The city of Dhaka is not only vulnerable to earthquakes due to its location but also because of rapid urbanization and lack of open spaces for evacuation. The size and density of the population further increase the risk of injuries and fatalities. Despite advancements in disaster preparedness and risk reduction actions, the unpredictable nature of earthquakes makes it crucial for residents and authorities to stay vigilant and prepared for such disasters. 
4. Rapid urbanization
Dhaka, the capital city of Bangladesh, is notably at risk of earthquakes due to its rapid urbanization. With an ever-growing population, the city is expanding quickly, leading to the construction of more buildings and infrastructure. However, this rapid growth has also resulted in a lack of proper city planning, enforcement of building codes, and limited open spaces for evacuation which all contribute to increased vulnerability during an earthquake event.
Moreover, the density of the population in Dhaka significantly raises the potential for injuries and fatalities in case of an earthquake. Since it is difficult to predict the exact location and timing of an earthquake, focusing on disaster preparedness and implementation of more stringent building regulations become crucial for saving lives and minimizing destruction. The challenge lies in balancing rapid urbanization while ensuring the safety and resilience of Dhaka’s community against disastrous events like earthquakes. 
5. Limited open spaces for evacuation
Dhaka, the capital city of Bangladesh, is at a heightened risk of earthquakes due to limited open spaces for evacuation. With rapid urbanization in recent years, the availability of safe zones for people to assemble during emergencies has dwindled. This lack of open spaces, coupled with the size and density of the population, considerably increases the likelihood of injuries and fatalities during an earthquake.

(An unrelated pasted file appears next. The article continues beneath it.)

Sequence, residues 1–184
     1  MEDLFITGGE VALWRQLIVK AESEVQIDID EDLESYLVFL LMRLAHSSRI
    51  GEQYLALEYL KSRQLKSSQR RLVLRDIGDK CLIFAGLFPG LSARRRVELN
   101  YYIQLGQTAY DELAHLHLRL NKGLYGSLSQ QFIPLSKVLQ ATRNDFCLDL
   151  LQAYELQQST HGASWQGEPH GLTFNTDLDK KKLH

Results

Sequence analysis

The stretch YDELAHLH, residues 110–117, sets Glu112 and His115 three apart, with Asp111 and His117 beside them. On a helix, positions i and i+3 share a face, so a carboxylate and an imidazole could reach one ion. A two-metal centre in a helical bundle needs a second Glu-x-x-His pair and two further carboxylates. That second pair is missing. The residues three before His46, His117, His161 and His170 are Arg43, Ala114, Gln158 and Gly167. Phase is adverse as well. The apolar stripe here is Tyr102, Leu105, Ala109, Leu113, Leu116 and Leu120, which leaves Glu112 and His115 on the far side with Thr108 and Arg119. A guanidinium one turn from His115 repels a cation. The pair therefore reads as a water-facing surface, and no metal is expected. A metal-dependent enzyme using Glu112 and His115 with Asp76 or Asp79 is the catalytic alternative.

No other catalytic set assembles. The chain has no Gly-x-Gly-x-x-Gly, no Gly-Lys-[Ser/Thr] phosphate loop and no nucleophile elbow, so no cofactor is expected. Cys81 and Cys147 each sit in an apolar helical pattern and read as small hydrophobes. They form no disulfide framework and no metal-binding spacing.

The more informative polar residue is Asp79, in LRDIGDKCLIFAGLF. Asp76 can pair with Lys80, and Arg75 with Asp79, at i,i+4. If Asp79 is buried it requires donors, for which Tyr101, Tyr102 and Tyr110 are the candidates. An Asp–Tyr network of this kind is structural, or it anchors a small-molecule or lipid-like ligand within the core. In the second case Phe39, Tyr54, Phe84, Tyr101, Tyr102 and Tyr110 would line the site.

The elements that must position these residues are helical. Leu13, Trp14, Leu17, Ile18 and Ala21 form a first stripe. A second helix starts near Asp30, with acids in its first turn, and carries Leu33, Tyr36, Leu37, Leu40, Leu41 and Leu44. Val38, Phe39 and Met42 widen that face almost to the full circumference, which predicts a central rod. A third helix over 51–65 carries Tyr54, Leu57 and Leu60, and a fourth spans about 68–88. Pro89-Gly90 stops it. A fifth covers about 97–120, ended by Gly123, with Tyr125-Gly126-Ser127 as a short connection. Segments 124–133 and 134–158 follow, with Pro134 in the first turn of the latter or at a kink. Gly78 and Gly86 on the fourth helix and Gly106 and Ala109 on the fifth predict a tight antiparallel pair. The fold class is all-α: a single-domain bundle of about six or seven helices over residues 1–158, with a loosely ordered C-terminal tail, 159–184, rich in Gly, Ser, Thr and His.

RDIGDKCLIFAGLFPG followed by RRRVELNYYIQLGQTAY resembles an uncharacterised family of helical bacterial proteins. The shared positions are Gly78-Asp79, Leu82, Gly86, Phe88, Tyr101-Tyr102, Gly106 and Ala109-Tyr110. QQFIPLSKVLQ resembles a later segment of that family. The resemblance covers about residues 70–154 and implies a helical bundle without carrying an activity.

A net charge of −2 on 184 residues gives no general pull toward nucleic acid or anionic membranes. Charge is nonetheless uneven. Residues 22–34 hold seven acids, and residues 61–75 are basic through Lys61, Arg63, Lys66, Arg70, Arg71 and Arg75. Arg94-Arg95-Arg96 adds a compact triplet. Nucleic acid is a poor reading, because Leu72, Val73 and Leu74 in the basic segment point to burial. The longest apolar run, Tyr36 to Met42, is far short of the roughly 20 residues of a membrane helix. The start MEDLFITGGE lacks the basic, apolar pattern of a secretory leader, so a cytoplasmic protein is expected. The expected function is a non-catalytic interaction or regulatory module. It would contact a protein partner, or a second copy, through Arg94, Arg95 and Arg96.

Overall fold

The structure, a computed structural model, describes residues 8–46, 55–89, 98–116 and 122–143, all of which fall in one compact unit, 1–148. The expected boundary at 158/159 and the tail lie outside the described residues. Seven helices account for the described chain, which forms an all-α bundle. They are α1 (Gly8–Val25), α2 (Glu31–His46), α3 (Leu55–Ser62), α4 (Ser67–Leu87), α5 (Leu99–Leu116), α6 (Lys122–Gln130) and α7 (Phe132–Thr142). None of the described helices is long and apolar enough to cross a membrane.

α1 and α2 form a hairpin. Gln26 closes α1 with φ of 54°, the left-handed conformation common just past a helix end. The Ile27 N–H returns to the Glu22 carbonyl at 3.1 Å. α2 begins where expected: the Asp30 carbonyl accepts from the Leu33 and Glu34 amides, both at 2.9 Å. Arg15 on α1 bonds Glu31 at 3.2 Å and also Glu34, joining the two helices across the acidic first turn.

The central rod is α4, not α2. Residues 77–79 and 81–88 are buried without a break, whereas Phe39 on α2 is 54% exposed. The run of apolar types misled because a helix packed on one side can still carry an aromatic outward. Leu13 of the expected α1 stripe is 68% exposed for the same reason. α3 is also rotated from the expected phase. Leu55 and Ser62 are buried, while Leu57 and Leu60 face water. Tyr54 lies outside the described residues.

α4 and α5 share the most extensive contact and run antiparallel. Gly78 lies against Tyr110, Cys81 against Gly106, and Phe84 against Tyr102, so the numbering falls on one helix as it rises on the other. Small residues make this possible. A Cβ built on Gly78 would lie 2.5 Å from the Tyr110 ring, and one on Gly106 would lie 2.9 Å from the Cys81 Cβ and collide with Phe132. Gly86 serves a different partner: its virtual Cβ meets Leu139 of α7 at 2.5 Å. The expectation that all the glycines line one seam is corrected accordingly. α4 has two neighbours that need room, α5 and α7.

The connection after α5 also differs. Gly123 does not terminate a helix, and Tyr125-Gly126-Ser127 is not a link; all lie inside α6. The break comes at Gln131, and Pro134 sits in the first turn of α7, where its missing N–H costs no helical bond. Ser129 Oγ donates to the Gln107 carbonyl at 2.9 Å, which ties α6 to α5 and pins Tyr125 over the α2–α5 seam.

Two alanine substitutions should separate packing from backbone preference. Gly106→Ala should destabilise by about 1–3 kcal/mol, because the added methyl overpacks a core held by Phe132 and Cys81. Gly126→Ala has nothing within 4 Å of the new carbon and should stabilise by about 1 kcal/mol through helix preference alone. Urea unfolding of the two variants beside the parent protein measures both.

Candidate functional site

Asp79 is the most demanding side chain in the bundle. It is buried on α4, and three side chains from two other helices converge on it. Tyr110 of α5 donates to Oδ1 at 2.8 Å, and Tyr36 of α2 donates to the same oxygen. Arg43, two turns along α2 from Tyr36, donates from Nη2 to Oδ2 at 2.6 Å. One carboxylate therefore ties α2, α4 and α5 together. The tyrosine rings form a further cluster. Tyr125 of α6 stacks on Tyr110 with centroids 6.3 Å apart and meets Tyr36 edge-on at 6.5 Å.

The situation is further exacerbated by the unpredictable nature of earthquakes in Dhaka, as its location lies at a point where three tectonic plates meet, making it one of the most volatile regions in the world. Consequently, disaster preparedness techniques in the city have become even more crucial in order to save lives and minimize destruction within its limits. 
6. High population density
Dhaka, the capital city of Bangladesh, is known for its high population density, with an average population of 45,000 people per square kilometer. This staggering number of inhabitants in a small area can significantly escalate the risks posed by earthquakes. When an earthquake strikes a densely populated area like Dhaka, the substantial number of buildings and infrastructure becomes more vulnerable to damage due to ground shaking.
Moreover, the rapid expansion of Dhaka has resulted in numerous poorly constructed buildings being built to accommodate the growing population. Many of these buildings have been built on the riverside humus soil and low-lying areas, using the arching method, which is susceptible to damage during an earthquake. Additionally, a large number of these structures do not conform to the Bangladesh National Building Code, further increasing the risk to residents in the event of an earthquake. Due to these factors, the high population density in Dhaka greatly intensifies the potential destruction and loss of life caused by earthquakes. 
7. Dhaka’s status as a disaster-prone city
Dhaka, the capital city of Bangladesh, is prone to earthquakes due to its geological location and high population density. The city’s unplanned urbanization has resulted in numerous buildings being constructed without adhering to earthquake preparedness codes. These factors make Dhaka particularly vulnerable to earthquakes, with experts warning of disastrous consequences if an earthquake of magnitude seven or more were to hit the city.